Integration of data from MRD and HSCT outcomes allowed us to prototype such correlative analyses using class-based associations. Indeed, the applicability of this framework to emerging treatment approaches in AML management to include less intensive regimens4 or emerging therapeutics3 needs further definition. Likewise, while we demonstrate a significant increase in risk hazard for many molecular classes in the presence of an additional FLT3ITD  - mutation, we note that the survival advantage described in recent trials where FLT3 inhibitors were combined with intensive chemotherapy were modest34,35,36. It is noteworthy that patients with established adverse cytogenetics or genetic features (TP53 mutations) associated with poor outcomes to intensive chemotherapy also have adverse outcomes in response to emerging treatments such as azacytidine and venetoclax4. Here we expand the definition of adverse risk to encompass patients with sAML2 and a broader cohort of patients with FLT3ITD mutations.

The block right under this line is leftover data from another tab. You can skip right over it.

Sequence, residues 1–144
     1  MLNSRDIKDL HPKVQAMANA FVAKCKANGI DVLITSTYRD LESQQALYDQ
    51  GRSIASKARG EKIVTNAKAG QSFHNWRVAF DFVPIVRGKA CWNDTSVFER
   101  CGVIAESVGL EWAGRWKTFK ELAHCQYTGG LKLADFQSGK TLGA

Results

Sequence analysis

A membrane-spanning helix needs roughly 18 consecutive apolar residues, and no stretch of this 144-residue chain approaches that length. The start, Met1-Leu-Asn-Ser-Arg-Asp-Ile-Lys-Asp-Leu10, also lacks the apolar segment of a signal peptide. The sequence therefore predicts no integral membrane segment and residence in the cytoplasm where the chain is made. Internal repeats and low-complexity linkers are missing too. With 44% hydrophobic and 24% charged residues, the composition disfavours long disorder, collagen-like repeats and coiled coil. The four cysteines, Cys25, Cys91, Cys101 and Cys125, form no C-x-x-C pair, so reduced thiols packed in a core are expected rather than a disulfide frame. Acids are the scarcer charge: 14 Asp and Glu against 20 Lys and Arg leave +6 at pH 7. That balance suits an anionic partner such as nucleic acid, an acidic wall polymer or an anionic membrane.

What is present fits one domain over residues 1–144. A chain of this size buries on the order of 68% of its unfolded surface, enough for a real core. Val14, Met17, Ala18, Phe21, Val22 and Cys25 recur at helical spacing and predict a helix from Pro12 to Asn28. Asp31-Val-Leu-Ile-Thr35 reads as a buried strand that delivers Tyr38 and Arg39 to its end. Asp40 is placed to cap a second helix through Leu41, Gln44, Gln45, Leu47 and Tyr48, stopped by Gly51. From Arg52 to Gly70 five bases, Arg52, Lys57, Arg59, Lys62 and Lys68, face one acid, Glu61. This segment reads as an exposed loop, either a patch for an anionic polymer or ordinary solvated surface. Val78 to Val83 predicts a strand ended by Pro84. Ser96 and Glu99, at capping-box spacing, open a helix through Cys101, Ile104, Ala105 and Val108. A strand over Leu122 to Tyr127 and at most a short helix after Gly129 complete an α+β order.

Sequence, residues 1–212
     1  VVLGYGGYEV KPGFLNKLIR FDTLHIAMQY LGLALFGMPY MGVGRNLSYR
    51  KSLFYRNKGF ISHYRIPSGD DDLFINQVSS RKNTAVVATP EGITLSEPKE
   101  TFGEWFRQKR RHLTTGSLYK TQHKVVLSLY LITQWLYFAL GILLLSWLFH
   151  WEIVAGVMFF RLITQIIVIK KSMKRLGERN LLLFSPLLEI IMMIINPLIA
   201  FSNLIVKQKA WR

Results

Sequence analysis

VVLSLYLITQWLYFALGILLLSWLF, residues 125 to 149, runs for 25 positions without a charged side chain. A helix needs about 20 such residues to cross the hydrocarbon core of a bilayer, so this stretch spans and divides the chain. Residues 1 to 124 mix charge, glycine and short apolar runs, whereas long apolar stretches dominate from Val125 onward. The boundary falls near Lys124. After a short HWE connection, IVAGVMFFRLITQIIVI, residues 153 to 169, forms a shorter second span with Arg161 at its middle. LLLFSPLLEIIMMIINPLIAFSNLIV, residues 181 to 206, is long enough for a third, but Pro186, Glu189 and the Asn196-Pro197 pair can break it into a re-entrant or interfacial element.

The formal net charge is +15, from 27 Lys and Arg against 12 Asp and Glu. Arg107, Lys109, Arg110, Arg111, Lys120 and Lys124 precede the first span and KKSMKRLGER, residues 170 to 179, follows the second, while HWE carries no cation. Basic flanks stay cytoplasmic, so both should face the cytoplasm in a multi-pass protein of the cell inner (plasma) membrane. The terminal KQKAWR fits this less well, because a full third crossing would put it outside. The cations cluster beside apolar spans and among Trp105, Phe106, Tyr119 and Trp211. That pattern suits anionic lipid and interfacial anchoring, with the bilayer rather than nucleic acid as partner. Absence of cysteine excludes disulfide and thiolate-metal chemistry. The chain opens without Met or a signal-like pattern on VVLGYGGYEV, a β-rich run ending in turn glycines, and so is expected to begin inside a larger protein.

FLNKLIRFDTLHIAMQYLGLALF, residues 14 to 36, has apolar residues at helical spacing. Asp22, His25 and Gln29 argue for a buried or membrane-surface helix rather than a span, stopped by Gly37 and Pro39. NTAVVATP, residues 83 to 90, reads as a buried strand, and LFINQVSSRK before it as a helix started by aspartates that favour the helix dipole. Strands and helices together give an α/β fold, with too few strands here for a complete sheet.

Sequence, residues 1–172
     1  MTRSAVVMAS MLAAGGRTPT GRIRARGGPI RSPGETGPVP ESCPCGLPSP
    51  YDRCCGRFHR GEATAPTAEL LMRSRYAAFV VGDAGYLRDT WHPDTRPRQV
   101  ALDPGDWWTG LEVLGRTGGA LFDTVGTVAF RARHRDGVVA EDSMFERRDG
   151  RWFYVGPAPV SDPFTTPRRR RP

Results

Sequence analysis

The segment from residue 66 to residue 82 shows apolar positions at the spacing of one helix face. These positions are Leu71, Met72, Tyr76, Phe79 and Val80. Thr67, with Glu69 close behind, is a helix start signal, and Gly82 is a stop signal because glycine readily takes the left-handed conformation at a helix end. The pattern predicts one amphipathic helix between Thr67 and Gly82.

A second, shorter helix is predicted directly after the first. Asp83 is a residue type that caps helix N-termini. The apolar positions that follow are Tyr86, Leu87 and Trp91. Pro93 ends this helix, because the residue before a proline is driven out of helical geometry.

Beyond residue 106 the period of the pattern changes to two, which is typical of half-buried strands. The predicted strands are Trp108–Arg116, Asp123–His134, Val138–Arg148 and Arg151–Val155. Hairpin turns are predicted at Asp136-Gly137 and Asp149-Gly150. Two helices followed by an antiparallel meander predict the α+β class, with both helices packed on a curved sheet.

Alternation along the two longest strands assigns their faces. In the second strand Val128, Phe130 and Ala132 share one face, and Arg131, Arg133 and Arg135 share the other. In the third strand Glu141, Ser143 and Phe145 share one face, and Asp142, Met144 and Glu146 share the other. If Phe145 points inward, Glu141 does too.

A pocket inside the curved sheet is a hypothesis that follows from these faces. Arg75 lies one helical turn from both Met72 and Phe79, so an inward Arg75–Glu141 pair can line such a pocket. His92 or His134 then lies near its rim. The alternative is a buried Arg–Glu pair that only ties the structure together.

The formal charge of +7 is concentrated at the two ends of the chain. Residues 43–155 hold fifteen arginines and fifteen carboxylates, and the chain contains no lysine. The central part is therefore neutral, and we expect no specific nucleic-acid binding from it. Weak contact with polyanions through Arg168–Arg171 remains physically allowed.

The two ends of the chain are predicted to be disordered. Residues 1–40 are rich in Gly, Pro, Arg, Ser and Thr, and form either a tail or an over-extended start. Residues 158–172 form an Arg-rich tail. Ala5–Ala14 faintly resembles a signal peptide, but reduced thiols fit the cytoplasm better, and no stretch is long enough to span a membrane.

As clinical management options evolve, studies focused on class associations with MRD status19, response to emerging therapeutics3 such as FLT3 or IDH37,38 as well as combination regimens (e.g azacytidine and venetoclax)4 are warranted to make definitive determinations for AML patient care.


Informed consent was obtained for all subjects to the study.

All relevant ethical guidelines have been followed, and any necessary IRB and/or ethics committee approvals have been obtained. The trial was conducted in accordance with the Declaration of Helsinki, was sponsored by Cardiff University, and was approved by the Wales Research Ethic Committee. Sample collection was approved by the Wales research ethic committee protocol number 08/MRE09/29 Analysis of the data in this study was approved by MSKCC Institutional Review Board protocol number x20-064.

Clinical annotation